New Shaft Testing Equipment Added to Hireko’s R&D Lab

Santa was especially kind to me this year and delivered a new piece of equipment (called an EI shaft profiler) to augment the equipment we already have on hand to educate you more on the proper golf club shaft choices.  See, it pays to be nice!  If you are not familiar with EI (short for elasticity times inertia), as few will, it is a 3-point bending test that measures the golf club shaft deflection along a span of the golf shaft. By taking measurements from the tip to the butt and plotting the results provides a more comprehensive look at the golf shaft’s stiffness distribution and a better understanding of how that shaft will react.

I began scientifically testing shafts in 1989 to more accurately compare one from to another. In 1991, I created the DSFI (Dynacraft Shaft Fitting Index) formula as a way to accurately compare shaft stiffness based on the interrelation between golf club frequencies and torque that is still published annually to this day. That was the first year the data was published to help fellow golf clubmakers fit more precisely. In 2006, I expanded it one step further and started compiling tip and butt deflections measurements and added them to the DSFI formula.  This would provide a much clearer picture as how two shafts, that at least on paper appeared to be the same, could be actually quite different.  With the addition of our EI shaft profiler, we hope to provide you with more accurate shaft fitting for years to come.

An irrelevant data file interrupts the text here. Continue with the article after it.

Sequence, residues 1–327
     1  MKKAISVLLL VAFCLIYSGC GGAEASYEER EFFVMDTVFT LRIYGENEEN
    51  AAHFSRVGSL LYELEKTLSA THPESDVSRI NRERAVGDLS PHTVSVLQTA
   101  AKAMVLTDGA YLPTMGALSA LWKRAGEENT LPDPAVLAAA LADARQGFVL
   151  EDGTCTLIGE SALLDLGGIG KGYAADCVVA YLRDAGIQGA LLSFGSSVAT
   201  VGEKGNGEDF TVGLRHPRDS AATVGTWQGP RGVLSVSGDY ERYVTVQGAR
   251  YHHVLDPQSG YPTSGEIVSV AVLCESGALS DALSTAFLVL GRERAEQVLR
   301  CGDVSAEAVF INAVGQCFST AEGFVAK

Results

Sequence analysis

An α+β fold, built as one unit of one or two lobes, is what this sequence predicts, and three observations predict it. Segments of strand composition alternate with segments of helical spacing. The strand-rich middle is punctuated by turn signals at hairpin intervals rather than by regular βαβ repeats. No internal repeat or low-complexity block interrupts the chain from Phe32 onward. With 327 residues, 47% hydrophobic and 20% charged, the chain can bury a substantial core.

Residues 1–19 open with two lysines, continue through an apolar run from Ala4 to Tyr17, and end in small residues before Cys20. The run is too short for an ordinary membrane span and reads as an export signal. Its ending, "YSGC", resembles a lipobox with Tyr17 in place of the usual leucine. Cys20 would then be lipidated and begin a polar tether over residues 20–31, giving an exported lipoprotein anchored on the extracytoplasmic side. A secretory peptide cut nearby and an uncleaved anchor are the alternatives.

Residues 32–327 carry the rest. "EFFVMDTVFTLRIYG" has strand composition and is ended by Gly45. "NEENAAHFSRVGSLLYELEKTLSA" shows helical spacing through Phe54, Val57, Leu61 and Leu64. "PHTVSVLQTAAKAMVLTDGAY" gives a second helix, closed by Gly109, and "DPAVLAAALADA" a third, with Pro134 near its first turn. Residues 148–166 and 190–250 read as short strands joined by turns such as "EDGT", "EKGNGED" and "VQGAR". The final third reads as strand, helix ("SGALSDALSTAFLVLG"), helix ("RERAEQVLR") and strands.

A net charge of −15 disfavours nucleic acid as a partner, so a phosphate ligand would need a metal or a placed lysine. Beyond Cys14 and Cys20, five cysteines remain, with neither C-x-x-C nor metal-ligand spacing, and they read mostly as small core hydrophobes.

It will take a while to compile all the data and put in into a format that will be easy for our customer base to understand and use.  I wanted to let you know we don’t rest on our laurels and hope to expand our knowledge base so that we may increase yours too.  Here is a snippet with a comparison of three cut #5-iron shaft deflections. All are of the same length, frequency and weight but completely different shaft stiffness distribution profiles.

The left side of the chart represents the tip and each of the 14 data point’s measures 2” closer to the butt.  The lower the reading; the stiffer the shaft is at a certain point.  For example, Series 2 (or the shaft in red) has a much stiffer tip section that the other two, but is more flexible in the butt end.  This shaft should produce a lower golf club launch angle, while the shaft in green will produce the highest golf club launch angle as they exhibited at the range. That is how to interpret the data.